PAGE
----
The “Legs” Diamond story came nine months after Warner Brothers’ The Rise and Fall of Legs Diamond premiered, and while this episode does little to add to his story, the inclusion of Lucky Luciano and Dutch Schultz, played by the same actors that would portray them in other Untouchables episodes, gives this episode an extra degree of continuity and verisimilitude.

Steven Hill isn’t the most dynamic performer (especially when playing someone who was in real life a dastardly Irish malcontent) but Norma Crane and Suzanne Storrs return after their bit parts in the First Season to bring some liveliness to the hour. Diamond’s abusive relationship with his wife is dark, even for The Untouchables, as he strikes her twice in this hour  (once just barely off-camera), enough to leave a black eye that drives her thirst for blood vengeance later in the episode.

Ness’ outrage at Diamond using his girlfriend as an alibi gives us the hour’s most memorable exchange, as he slaps Diamond halfway across the set. Ness’ disgust is reserved entirely for Diamond, however, and the concluding Winchell narration otherwise ties up her ending nicely. Ness’ anger at the corruption of an innocent is a main-stay in this characterization of Eliot Ness, though we only see a glimmer of it here. For more on Diamond’s mistress, check out the interview below with her protective mother, who is also portrayed in this episode.


DIAMOND: You cops get real brave when you hide behind a badge.
NESS: I’ll make you a standing offer, Diamond. You get out from behind your girlfriend’s skirts and I’ll get out from behind the badge.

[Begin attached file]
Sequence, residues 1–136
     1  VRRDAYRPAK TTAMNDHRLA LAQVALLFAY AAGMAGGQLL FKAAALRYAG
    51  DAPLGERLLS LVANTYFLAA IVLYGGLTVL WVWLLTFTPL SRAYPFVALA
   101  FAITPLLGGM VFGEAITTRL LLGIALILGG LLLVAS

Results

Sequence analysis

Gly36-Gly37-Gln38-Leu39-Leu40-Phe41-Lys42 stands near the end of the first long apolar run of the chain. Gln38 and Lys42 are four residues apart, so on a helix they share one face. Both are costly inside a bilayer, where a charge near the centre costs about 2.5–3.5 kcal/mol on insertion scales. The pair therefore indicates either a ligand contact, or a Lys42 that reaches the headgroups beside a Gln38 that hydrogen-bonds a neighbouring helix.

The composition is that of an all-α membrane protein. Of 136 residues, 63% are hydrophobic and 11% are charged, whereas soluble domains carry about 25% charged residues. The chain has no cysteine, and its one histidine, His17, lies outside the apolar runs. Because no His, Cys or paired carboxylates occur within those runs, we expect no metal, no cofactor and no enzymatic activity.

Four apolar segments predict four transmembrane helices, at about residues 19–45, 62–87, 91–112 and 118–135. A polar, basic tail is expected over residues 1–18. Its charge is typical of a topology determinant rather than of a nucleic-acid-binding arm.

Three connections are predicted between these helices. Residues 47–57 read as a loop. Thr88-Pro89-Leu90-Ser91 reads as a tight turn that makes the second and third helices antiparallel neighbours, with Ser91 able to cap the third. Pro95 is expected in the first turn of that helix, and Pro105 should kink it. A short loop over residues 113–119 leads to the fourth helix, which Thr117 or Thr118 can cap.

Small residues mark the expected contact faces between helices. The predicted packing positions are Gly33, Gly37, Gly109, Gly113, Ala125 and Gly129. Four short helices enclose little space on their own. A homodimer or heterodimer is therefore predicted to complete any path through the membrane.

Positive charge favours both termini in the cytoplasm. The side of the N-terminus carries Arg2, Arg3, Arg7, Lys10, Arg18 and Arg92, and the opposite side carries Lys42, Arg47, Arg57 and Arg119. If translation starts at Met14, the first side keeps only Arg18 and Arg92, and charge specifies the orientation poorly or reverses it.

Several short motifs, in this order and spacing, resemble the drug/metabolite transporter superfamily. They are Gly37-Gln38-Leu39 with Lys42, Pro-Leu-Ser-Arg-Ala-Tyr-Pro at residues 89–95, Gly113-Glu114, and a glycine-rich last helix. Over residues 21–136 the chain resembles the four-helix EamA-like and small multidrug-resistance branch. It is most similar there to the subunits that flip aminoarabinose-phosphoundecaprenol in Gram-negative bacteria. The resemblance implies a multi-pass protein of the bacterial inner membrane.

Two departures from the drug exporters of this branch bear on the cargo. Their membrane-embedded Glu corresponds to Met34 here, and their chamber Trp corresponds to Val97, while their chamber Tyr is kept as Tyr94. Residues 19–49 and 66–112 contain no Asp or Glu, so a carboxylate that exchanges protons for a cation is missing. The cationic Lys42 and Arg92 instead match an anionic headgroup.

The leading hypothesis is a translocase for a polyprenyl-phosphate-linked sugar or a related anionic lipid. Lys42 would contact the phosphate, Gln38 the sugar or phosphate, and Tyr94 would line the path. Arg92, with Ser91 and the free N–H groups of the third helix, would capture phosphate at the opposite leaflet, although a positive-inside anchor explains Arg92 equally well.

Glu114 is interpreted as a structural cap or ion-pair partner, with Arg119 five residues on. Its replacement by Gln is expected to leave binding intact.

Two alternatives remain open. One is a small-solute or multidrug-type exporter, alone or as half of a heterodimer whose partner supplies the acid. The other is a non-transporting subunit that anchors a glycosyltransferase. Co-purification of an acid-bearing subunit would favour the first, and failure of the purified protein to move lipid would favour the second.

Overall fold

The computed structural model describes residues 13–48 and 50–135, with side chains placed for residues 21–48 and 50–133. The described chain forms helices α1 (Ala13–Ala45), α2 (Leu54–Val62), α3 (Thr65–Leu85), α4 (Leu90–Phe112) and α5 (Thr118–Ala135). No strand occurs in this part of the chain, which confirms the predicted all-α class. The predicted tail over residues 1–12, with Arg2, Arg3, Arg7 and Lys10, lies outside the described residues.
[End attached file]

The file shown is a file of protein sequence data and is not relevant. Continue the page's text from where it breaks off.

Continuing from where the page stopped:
• O’Neal’s original title to this episode was The Clay Pigeon. It was likely re-titled to take advantage of the name recognition from the Warner Brothers’ film.
• Oscar Beregi, Jr. has a bit part as mob leader Oscar Benjamin, but Beregi will reemerge later in Seasons Two and Three as Joe Kulak, who has the distinction of being a recurring villain on The Untouchables who would appear in seven episodes total.
• The exposition scene between the Untouchables is a nicely staged change of scenery, as is the scene of Ness and Rico sparring at the gym. While present during the proceedings, Hobson is relegated to the sidelines leaving Rico to pal around New York with Ness.
• When confronting Diamond and his wife at their home, the image of Robert Stack is flipped horizontally to make his eye-line match the opposing shot.


The real Jack Diamond after being kindly asked to leave Germany in 1930. Bettmann/CORBIS photo.

• One of several assassination attempts on Diamond is shown in this episode, though it occurred at The Hotsy Totsy Club on July 14th, 1929. While Diamond survived this and several other encounters like it, two bystanders did not. Diamond also was co-owner of the Club.
• Diamond’s showgirl mistress was named Marion “Kiki” Roberts.
• Ness reflects on Diamond having been kicked out of Europe, which happened when the German government escorted him out in 1930. As discussed in the episode, Diamond’s trip to Europe was made with the intent to establish a source for a drug deal.
• It is suspected that Jack Diamond was murdered by crooked cops in December 1931. Mrs. Diamond didn’t endure much longer than her husband – she was killed in 1933 – likely by Diamond’s former associates.


Kelly Lynch

Kelly Lynch

Kelly Lynch is a filmmaker and marketing professional whose award-winning work and love for cinema were largely influenced by his early exposure to The Untouchables, thanks to his father’s own fascination with the series. In addition to recompiling his father's book and research on the program, Lynch has also spent years researching, watching, collecting and studying the artistic and cultural impact of the program.